Michael Fagen's attorney and the prosecutors give summations.
The jury in the trial of Long Beach Councilman Michael Fagen
started deliberations Tuesday.
Defense attorney Marc Gann and prosecutor Marshall Trager each made hour-long summations to conclude the two weeklong trial in which Fagen faces charges that he illegally collected more than $15,000 in unemployment benefits while he served on the council from January to September 2010.
During deliberations Tuesday afternoon, the jurors made four requests, according to Fagen, who spoke to Patch outside Judge Mary Berkowitz’s courtroom at Nassau County Supreme Court in Mineola.
The jurors asked for copies of a City Council resolution from Aug. 3, 2010
that designated a standard work week for Fagen for pension purposes, Fagen’s statement to the Department of Labor on Sept. 23, 2010, and an application for Fagen that the city submitted to the state retirement system that designated him as a part-time employee. The jurors also asked for a clarification on the definition of “intent.”Follow Long Beach Patch on Facebook.
During his summation, Gann often reiterated that Fagen’s case is based on intent. “This is not a criminal case,” he said. “He did not have the intent to steal.”
While Gann maintained that Fagen was only a part-time city employee who was eligible to collect unemployment benefits, Trager said the councilman worked every day, at least four days for each week, which made him ineligible for the unemployment benefits that he applied for and accepted.
Fagen is charged with third-degree grand larceny, petit larceny and 38 counts of offering a false instrument for filing, and he faces up to seven years in prison, if convicted.
One of the main issues in the case that would cause reasonable doubt, Gann told the jury, is that Fagen wasn’t enrolled in the state retirement system, as the city had claimed he was.
Gann claimed that Fagen, a Democrat, was set up by his Republican adversaries, who held a majority on the council in 2010, to keep a journal of his activities as councilman from January to April 2010, and they used it to portrait him as a full-time employee who was illegally collecting unemployment checks to the Department of Labor.
Sandra Clarson, the city’s former comptroller, told Fagen to keep a journal, include in it everything from his attendance at twice-monthly council meetings to his brief emails to constituents, and regard it all as workdays, because the diary counts toward his pension, Gann said. But Fagen maintains he never applied for the retirement system, and that the city
submitted the application unbeknownst to him.
But Trager said Fagen was eligible or and did join the retirement system, a criterion of which is to keep a diary of activities. “He made the dairy because he wanted to join the retirement system,” Trager told the jury. He claimed that there was “nothing nefarious” in what Clarson asked Fagen to do.
Gann said City Manager Charles Theofan, who reported the councilman to the Department of Labor, wanted to set up Fagen because he was going to expose the administration’s “financial improprieties.” But Trager said that Fagen and Theofan merely “butted heads” over “disagreements,” and that Fagen had only unsubstantiated allegations against the administration.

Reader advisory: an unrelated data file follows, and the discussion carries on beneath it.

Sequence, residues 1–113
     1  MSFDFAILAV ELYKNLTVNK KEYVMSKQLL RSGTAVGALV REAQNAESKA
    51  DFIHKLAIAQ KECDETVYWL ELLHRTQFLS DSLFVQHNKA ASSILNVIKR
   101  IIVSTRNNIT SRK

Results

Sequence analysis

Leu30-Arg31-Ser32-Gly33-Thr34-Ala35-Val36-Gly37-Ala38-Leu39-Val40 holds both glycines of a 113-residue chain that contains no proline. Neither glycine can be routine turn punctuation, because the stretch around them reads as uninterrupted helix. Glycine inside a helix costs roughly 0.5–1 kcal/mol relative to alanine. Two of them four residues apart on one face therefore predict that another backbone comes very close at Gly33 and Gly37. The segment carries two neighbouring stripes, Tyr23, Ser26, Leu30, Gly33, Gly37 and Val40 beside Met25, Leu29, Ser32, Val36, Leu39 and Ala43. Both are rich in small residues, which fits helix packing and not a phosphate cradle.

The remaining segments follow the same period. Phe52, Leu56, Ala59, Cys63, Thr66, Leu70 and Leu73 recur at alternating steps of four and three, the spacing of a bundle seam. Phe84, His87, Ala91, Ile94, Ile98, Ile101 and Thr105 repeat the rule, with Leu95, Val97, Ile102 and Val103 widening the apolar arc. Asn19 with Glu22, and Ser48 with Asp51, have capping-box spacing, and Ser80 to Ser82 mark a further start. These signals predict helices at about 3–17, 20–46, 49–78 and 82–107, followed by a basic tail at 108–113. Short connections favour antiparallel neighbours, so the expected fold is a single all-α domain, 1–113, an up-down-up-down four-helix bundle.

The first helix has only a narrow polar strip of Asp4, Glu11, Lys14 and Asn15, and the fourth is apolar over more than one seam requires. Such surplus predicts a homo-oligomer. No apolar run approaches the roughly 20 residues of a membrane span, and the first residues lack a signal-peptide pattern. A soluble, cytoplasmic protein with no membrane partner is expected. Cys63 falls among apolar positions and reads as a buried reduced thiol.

The other issue Gann said caused reasonable doubt is the change in language to the labor department’s handbook, which states that resident must report all the work they perform “in connection with public office,” a change that was added in September 2010, the period after Fagen is accused of illegally collecting benefits. Fagen started to receive unemployment benefits in September 2009.
But Trager essentially countered that the language was added for clarity on an existing rule. He said Fagen claimed he never got an unemployment handbook, while everyone enrolled in the system receives one, and that he was unable to access the handbook online. “As to the information that tells him you’re not entitled to the [unemployment] money, that he can’t find,” the prosecutor added with disbelief.
The charge of petit larceny against Fagen rests on when he started work with a startup company, Willow Advisors, in September 2010. Here, Fagen demonstrated his intent to defraud the unemployment system, Trager said.
Trager displayed an attendance sheet that showed Fagen started work for Willow on Sept. 7, 2010, before his unemployment benefits were due to expire, and he received a $2,500 paycheck from Willow on Sept. 15.
“You can rely on those records,” Trager told the jury.
But Gann maintains that Fagen didn’t actually start to work for Willow until Sept. 12, after his unemployment had expired, and he was paid in advance for what was a temporary job.
During his summation, Gann called it a “travesty” and “frustrating” that the prosecution didn’t call Theofan and Clarson to testify. “They didn’t bring the people that he [Fagen] dealt with directly,” he said.
Trager opened his summation by stating that this was mainly a “paperwork case,” and was not about who he didn’t call to testify. “It’s all about who was here and what was present,” he said.
The jury is expected to continue deliberations Wednesday.
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